In lieu of an abstract, here is a brief excerpt of the content:

C h a p t e r 6 Holwell’s Religion of Paradise An Internet search for John Zephaniah Holwell (1711–98) produces thousands of references, most of which contain the words ‘‘Black Hole.’’ The back cover of Jan Dalley’s The Black Hole: Money, Myth and Empire explains: The story of the Black Hole of Calcutta was once drilled into every British schoolchild: how in 1756 the Nawab of Bengal attacked Fort William and locked the survivors in a tiny cell, where over a hundred souls died in insufferable heat. British retribution was swift and merciless , and led to much of India falling completely under colonial domination .1 Dalley’s book tells the story of this foundation myth of the British Empire , a myth that was ‘‘based on improbable exaggeration and half-truth’’ and ‘‘helped justify the march of empire for two hundred years’’ (2007: back cover). The reason Holwell is associated with this myth is that he was its creator. When Holwell’s account of the dreadful night in the Black Hole was printed in 1758, it provoked scandal and horror. Fueled by numerous reprints, the story soon became an event of mythic proportions, a symbol of the fall of Calcutta and the beginning of empire that Dalley lines up with the likes of the Boston Tea Party and the Battle of Wounded Knee (2007:199). According to Hartmann (1946:195) this story was ‘‘about as well-known in the English -speaking world as the fact that Napoleon was Emperor of France’’; but the fact that this statement occurs in a paper titled ‘‘A Case Study in the Perpetuation of Error’’ points to the raging controversy about the ‘‘Question of Holwell’s Veracity,’’ as J. H. Little put it in the title of his influential 1915 article. Having examined Holwell’s original Black Hole report line by line, PAGE 297 ................. 17751$ $CH6 05-21-10 15:31:20 PS 298 chapter 6 Little arrived at the conclusion that the whole episode was a gigantic hoax. Hartmann summarized Little’s observations as follows: Specifically, Little shows that Holwell (1) fabricated a speech and fathered it on the Nawab Alivardi Khan; (2) brought false charges against the British puppet ruler of Bengal, the Nawab Mir Jafar, accusing him of massacring persons all of whom were later shown to be alive . . . (3) forged a whole book and called it a translation from the ancient sacred writings of the Hindus. (Hartmann 1946:196) Hartmann defended Holwell against the last accusation by portraying him as a possible victim of fraud rather than a forger: This last might be defended on Holwell’s behalf if we assume him to have been victimized by some Brahmin or pundit who enjoyed pulling a foreigner’s leg; but certainly the first two cases have a brazen political significance also possessed by the similar story of the Black Hole. (pp. 196–97) The book that Holwell (according to Little) forged and sold as a translation from the ancient sacred writings of the Hindus was the very Chartah Bhade Shastah that Voltaire from 1769 onward so stridently promoted as monotheism’s oldest testament (see Chapter 1). Is there any evidence that Holwell’s Chartah Bhade Shastah is a brazen forgery? Some modern historians and Indologists have tried to identify the text translated by Holwell, thereby absolving him of the charge of having invented the whole text. For example, A. Leslie Willson thought that Holwell had adapted a genuine Indian text: John Z. Holwell (1711–1798), a former governor of Bengal and a survivor of the famed Black Hole of Calcutta, gives an account of his favorable impression of the religious and moral precepts of India. Because of his acquaintance with one of the holy books of the Hindus (the Sanskrit Satapatha-brâhmana, called the Chartah Bhade in Holwell’s adaptation), he believed he discerned a great influence of Indic culture upon other lands in ancient times. The more familiar he became with the Sanskrit work, the more clearly he claimed to see that the mythology as well as the cosmogony of the Egyptians, the Greeks, and the Romans was borrowed from the teachings of the Brahmans contained in the SatapathaPAGE 298 ................. 17751$ $CH6 05-21-10 15:31:20 PS Holwell’s Religion of Paradise 299 brâhmana. Even the extreme rituals of Hindu worship and the classification of Indic gods found their way West, although extremely falsified and truncated. (Willson 1964:24) Based on the authority of...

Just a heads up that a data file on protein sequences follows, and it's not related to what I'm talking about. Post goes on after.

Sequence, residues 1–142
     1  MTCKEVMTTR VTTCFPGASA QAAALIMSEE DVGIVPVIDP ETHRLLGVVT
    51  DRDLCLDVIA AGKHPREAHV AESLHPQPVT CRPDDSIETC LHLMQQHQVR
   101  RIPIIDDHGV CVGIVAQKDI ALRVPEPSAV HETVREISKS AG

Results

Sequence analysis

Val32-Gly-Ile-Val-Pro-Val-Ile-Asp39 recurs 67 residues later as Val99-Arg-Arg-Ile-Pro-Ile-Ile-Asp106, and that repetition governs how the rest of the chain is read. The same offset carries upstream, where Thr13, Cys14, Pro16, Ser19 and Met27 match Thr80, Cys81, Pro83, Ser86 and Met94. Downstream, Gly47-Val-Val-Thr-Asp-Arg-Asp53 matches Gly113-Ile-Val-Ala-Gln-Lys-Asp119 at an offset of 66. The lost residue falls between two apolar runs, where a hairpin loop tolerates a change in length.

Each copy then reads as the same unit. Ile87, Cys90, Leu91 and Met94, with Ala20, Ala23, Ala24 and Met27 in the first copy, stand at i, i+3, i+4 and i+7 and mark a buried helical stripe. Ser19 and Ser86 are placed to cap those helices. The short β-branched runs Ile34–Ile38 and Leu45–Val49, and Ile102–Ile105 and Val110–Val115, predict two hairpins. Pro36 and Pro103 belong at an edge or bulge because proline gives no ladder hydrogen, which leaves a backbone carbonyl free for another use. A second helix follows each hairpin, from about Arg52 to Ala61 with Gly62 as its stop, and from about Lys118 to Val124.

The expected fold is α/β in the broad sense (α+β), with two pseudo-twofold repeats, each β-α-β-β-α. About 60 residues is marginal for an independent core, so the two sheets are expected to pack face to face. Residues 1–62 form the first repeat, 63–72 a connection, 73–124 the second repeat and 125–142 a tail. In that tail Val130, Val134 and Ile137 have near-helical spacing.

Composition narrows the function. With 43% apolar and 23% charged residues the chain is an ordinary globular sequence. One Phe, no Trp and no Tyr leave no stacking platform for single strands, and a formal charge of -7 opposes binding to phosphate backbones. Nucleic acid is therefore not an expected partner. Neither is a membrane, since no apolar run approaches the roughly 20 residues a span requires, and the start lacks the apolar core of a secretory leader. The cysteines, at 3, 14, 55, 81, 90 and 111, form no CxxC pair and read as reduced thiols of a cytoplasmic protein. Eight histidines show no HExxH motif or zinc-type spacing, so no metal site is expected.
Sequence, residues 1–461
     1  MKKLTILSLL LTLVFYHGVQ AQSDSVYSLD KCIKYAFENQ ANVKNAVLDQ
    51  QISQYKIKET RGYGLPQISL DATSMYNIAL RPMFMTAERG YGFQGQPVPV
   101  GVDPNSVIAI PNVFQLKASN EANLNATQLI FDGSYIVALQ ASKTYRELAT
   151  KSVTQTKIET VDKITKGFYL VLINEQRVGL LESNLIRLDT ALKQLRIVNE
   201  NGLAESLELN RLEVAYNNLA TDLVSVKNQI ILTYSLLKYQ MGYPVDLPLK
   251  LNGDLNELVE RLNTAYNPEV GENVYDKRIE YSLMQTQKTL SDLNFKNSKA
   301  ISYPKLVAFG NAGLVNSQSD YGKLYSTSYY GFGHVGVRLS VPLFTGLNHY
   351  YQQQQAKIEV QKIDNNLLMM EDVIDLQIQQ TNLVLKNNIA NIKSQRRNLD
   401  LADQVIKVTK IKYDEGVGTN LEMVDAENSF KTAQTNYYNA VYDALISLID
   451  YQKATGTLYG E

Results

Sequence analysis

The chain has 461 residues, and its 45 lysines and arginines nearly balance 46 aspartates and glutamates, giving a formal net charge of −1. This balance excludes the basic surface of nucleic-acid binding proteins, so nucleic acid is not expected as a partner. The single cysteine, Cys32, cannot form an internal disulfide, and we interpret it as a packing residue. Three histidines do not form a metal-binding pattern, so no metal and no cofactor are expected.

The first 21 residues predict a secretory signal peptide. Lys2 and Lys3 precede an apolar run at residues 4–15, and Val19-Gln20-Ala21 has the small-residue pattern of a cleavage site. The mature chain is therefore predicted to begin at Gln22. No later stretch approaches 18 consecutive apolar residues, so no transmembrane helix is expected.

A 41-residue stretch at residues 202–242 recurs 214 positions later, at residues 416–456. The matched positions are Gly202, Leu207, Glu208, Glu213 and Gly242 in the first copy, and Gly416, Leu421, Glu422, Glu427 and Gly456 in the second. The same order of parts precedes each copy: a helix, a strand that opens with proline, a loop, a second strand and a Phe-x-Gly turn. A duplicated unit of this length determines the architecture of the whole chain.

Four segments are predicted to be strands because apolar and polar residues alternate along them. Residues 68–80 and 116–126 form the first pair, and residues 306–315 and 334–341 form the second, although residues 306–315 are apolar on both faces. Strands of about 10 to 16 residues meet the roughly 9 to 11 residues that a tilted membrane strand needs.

pdf

Additional Information

ISBN
9780812200058
Related ISBN
9780812242614
MARC Record
OCLC
794700616
Pages
568
Launched on MUSE
2012-01-01
Language
English
Open Access
No
Back To Top

This website uses cookies to ensure you get the best experience on our website. Without cookies your experience may not be seamless.